He was named captain in 1918 before stepping down with an illness which sidelined Baring for the most part of the 1919 season.
In the twilight of his career, Baring played few games but his four games in 1923 included a Premiership and likewise his five games in
1924 saw him feature in his fourth Essendon premiership victory. Fred Baring, who passed away in 1961, was named fullback in the Essendon Team of the Century.
Acknowledged for his outstanding contribution on and off the field with the red and black, Darryl Gerlach was named a member of the Essendon Football Club Hall of Fame this year.
Gerlach was both a decorated player and a long-serving administrator.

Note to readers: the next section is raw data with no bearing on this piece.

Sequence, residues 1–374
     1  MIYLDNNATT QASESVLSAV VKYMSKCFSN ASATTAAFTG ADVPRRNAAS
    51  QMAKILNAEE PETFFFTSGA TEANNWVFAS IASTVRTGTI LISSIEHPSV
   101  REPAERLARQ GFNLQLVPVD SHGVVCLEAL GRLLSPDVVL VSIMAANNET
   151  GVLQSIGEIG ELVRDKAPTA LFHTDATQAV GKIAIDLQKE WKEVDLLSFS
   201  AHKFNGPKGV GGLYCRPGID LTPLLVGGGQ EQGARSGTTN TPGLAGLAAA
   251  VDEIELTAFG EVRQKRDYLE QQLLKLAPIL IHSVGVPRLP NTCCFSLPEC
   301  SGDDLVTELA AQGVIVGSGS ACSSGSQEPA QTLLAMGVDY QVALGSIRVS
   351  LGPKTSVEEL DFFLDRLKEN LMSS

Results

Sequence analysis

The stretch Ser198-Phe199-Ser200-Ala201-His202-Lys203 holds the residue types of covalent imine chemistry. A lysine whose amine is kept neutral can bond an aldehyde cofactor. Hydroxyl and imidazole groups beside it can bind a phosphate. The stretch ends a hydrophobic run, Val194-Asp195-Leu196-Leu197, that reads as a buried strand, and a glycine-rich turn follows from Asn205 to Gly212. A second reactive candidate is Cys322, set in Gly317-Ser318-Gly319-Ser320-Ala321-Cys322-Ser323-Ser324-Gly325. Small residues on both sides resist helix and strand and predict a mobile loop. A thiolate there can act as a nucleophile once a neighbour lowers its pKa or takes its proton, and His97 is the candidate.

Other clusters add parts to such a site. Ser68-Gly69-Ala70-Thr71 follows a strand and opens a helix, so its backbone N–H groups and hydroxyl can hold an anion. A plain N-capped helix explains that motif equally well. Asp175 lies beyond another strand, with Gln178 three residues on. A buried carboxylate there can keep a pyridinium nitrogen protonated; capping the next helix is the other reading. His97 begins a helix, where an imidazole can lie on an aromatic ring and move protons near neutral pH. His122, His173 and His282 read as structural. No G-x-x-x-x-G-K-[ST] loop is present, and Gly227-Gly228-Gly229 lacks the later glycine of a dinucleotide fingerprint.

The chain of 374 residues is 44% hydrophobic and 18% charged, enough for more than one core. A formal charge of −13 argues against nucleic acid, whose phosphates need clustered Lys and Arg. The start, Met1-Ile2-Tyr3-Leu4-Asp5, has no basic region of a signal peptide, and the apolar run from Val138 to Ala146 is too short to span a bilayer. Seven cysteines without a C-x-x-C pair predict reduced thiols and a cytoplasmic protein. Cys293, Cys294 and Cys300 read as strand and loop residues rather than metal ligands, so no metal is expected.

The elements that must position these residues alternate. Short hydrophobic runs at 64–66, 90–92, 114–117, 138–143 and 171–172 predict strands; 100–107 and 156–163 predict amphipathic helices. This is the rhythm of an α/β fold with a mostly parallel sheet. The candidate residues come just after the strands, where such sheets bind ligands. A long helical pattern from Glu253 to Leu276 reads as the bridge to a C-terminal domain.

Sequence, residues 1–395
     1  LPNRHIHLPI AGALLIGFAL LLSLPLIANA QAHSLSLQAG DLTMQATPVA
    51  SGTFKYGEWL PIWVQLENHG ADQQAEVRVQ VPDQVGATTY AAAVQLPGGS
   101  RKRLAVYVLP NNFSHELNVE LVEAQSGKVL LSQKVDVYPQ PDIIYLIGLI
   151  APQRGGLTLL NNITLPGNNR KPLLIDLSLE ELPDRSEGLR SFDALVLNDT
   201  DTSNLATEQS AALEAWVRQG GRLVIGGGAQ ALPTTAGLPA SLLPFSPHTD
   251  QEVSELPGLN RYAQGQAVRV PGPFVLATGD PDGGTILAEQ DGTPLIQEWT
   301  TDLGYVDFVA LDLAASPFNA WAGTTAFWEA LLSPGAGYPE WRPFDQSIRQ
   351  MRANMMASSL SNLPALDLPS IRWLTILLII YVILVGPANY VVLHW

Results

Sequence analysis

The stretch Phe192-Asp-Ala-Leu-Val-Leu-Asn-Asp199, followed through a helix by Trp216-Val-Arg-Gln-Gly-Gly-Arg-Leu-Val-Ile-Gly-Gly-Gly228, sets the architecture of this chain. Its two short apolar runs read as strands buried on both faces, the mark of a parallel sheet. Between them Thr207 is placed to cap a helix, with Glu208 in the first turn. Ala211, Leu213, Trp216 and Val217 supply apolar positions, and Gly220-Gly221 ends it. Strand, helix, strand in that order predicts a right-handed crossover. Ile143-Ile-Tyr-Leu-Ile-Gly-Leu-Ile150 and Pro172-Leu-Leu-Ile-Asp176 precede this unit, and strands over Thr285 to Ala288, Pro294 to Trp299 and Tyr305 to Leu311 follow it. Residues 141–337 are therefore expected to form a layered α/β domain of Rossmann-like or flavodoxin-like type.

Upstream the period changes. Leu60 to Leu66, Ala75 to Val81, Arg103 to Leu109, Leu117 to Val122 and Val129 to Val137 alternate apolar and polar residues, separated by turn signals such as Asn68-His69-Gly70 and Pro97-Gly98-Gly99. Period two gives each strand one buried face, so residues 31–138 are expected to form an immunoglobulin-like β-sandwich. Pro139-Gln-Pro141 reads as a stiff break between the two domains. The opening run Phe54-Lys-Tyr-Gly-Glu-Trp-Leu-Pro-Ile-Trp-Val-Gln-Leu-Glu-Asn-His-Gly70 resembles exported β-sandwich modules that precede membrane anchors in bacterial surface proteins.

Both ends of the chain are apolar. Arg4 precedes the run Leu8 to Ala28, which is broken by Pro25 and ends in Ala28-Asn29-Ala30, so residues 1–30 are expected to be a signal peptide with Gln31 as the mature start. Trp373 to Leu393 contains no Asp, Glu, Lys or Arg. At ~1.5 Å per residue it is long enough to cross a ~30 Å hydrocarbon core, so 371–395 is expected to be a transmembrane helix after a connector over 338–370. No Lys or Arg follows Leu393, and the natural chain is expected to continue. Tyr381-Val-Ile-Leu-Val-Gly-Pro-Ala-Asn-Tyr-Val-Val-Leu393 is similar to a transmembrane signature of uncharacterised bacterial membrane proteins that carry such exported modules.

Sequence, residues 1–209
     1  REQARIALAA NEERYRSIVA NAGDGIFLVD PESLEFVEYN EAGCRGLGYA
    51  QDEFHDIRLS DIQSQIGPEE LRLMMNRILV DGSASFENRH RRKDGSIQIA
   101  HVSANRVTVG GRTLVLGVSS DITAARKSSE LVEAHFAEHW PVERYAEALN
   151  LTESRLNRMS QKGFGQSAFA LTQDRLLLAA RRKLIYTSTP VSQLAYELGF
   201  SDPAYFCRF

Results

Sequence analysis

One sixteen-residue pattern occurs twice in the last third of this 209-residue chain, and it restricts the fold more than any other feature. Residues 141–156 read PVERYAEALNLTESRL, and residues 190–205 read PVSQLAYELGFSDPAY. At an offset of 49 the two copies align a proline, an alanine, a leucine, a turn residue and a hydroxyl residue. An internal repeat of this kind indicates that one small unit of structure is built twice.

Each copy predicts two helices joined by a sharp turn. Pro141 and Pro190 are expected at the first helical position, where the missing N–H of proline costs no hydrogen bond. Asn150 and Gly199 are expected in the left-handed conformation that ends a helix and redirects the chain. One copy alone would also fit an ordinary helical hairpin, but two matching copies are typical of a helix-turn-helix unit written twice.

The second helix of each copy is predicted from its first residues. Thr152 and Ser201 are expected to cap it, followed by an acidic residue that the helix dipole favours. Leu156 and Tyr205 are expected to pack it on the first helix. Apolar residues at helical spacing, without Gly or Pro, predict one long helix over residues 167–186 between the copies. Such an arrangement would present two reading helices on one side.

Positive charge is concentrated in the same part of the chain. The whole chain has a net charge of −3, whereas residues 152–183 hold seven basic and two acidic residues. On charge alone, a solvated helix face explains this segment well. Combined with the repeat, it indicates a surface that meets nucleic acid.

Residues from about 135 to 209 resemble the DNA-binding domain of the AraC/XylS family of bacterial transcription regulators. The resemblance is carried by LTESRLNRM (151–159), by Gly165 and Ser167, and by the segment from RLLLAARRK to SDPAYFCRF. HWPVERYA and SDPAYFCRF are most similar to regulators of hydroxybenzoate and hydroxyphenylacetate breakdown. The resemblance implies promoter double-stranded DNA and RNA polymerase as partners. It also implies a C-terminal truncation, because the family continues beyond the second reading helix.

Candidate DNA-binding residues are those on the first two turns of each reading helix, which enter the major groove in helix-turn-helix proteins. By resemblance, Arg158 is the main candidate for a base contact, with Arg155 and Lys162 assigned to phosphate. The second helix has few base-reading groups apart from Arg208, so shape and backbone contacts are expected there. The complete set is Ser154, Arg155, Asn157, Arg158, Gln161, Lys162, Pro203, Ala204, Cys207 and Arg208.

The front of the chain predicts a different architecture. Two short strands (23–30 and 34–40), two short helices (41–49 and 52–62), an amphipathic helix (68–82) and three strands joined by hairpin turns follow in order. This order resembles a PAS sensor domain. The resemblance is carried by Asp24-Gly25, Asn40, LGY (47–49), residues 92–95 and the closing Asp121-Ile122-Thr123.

A fine back pocket who came to Essendon from Strathmore, Gerlach held several positions on the field after breaking in to the side in the centre, but found his niche on the back line and by 1968 was the League’s best back pocket player.
In his decade-long playing career, Gerlach was a member of the 1965 Premiership side, named the club’s Best and Fairest in 1970 and was selected in the Victorian state side in 1967, 1968 and 1969. Furthermore, he also won Essendon’s outstanding services award in 1966 and the most courageous player award in 1971.
A dependable defender with speed, good judgement and marking ability, Gerlach retired in 1972 and moved to Canberra before returning to the club where he worked in player recruitment, as well as in the football, match and finance committees. He was the club’s Vice President for 12 years.
A fan-favourite with the red and black faithful, Scott Lucas combined athleticism and versatility to become one of the Bombers’ most reliable and consistent performers in a career that spanned over 14 years.